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Saturday, Dec 20, 2014
The Sun

On the ‘lite’ side, operette

BY PEGGY BURGESS
Special Correspondent

Published:

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Have you noticed how most everything except the heat seems to become less intense during the summer? The term “summer-lite” describes food, drink, entertainment, reading material – you name it.

Freedom Plaza reflects a summer-lite mood not only in reduced outdoor activities but even in its weekly movie schedule. Light-hearted comedies have temporarily replaced heavier dramas.

The Freedom Plaza Opera Club also took a summer-lite turn, except that in opera “lite” becomes the diminutive “etta,” which gives us operetta or light opera. Opera Club attendees have recently enjoyed a series of DVDs in this delightful musical mode, including Franz Lehar’s “Merry Widow” and “Die Fledermaus” by Johann Strauss II.

As the usual prelude to any Opera Club series, a lecture introduced the material and, in this case, brought to many a totally new outlook on the subject of operetta.

They learned that what we now know as operetta began in the mid 1800s with a series of bizarre, erotic, stage works called “tableau grotesque” by a Parisian known as Herve. He called them “operette” and they starred popular Parisian courtesans, better known for talents other than singing. Herve was in reality Louis August Florimond Ronger, a well-known and highly respected Paris musician, church organist and director of the prestigious Theatre du Palais Royal. It was understandable that he composed his stage works under a pseudonym.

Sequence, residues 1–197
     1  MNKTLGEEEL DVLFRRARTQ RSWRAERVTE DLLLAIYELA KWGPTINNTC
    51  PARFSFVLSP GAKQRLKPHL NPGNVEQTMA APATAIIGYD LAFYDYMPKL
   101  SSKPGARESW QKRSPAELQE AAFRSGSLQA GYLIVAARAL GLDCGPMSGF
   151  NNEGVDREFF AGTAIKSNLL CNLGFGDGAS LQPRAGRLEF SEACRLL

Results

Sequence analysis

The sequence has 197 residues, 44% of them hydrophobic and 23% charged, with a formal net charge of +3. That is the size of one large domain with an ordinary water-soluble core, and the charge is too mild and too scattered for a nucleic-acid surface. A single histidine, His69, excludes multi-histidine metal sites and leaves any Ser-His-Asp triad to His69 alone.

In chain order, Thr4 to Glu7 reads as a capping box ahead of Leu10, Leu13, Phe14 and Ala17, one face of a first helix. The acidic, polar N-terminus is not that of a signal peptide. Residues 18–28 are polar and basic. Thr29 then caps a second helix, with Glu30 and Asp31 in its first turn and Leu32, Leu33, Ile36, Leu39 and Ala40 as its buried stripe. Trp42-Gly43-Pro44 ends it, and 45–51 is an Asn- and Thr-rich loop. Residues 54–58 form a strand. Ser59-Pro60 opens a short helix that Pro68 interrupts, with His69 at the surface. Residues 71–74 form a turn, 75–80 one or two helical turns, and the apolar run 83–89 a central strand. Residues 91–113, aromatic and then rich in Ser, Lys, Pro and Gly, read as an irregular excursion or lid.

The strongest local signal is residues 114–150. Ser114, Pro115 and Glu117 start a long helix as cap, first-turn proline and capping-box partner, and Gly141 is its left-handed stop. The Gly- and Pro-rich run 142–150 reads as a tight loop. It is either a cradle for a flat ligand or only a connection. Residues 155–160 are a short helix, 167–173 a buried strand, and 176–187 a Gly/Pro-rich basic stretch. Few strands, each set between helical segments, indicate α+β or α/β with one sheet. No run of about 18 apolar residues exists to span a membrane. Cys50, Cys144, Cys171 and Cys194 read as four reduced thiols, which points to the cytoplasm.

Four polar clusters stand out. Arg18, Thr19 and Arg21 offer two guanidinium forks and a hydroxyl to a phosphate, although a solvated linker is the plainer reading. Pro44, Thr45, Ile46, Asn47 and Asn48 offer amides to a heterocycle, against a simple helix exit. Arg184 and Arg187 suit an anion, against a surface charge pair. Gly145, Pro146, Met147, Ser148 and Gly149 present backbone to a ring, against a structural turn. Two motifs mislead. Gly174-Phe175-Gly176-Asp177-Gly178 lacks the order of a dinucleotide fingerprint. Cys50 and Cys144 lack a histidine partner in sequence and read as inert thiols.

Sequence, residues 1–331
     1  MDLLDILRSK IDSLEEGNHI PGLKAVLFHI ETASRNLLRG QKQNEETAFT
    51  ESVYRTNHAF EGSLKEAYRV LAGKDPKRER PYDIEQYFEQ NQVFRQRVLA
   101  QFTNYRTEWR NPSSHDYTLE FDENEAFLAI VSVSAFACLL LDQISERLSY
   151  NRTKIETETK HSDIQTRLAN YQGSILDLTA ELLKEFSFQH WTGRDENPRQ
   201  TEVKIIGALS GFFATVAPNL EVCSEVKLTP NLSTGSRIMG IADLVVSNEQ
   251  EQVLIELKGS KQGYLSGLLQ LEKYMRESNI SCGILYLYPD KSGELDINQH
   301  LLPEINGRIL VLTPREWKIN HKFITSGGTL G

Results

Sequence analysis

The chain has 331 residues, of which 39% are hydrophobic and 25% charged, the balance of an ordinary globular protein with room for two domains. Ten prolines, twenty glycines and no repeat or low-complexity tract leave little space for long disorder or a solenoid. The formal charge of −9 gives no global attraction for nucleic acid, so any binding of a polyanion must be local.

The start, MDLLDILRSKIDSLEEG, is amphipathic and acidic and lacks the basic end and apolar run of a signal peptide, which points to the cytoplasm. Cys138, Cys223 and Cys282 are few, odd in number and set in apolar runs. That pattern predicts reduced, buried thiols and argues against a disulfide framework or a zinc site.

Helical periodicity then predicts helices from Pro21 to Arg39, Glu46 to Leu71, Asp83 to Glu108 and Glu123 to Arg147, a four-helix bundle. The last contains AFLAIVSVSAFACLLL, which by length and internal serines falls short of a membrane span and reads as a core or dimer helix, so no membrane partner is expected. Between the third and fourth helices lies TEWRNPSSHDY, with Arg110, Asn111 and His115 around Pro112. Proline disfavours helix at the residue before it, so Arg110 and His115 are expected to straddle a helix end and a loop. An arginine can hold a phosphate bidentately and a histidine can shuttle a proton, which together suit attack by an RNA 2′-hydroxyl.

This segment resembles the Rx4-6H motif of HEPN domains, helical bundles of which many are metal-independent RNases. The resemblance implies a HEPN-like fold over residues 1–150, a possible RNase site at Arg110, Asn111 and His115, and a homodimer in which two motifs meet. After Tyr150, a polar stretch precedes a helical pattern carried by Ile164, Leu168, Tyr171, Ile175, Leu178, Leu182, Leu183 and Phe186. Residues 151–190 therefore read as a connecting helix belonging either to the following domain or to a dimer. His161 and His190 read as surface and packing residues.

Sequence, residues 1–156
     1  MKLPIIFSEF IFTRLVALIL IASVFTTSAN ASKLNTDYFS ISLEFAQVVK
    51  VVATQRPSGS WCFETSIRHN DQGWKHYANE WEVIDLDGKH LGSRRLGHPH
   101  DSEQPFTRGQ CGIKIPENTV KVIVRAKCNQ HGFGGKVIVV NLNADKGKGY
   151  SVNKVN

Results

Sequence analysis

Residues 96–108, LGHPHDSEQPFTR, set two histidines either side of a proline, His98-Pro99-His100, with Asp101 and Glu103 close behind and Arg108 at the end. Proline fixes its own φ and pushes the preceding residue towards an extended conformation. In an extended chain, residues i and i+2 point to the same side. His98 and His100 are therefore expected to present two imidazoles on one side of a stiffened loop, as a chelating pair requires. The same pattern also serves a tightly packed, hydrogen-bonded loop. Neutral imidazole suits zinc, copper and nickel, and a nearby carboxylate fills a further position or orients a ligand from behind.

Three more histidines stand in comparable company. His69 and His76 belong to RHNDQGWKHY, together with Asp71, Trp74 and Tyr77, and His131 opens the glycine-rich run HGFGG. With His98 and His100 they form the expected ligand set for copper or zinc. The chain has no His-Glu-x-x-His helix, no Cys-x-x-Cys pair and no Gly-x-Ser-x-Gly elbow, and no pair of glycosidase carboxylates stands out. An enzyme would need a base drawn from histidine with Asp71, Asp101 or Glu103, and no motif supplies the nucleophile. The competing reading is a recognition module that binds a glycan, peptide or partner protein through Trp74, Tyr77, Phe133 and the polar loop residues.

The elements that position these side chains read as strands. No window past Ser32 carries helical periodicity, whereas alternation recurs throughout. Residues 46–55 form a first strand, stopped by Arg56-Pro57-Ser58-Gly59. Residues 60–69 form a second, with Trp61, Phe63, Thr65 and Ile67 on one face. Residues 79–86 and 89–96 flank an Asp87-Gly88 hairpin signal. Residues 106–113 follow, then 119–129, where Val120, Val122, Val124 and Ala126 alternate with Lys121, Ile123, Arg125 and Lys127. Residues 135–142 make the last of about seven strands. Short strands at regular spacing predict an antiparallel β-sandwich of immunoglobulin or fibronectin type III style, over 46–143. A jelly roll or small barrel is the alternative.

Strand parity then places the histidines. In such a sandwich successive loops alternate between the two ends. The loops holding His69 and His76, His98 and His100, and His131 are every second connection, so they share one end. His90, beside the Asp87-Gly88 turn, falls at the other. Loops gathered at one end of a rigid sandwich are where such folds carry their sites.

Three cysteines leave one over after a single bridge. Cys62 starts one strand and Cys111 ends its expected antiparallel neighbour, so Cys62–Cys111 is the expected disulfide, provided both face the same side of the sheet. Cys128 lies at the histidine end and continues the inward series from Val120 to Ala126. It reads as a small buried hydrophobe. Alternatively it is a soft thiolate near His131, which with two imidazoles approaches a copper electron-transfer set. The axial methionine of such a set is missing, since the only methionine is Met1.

Too much even for Paris, operette was eventually sanitized and became more like the musicals we know today. The art form traveled to Berlin and was transformed into cabaret and to Vienna where it became operetta.

The Freedom Plaza Auditorium will be closed for renovation during the month of August, so Opera Club will not meet. When sessions resume in September, the featured opera will be “Tales of Hoffman” by Jacques Offenbach (1818-1890), with scenes composed originally along the lines of Herve’s operette. We will see Offenbach’s later “sanitized” version, of course, but we can wonder about the original. Now who says opera/operetta is dull?

Freedom Plaza Opera Club is open to the public and meets the second and fourth Tuesdays of each month.

Peggy Burgess is an associate of Freedom Plaza and columnist for The Sun.

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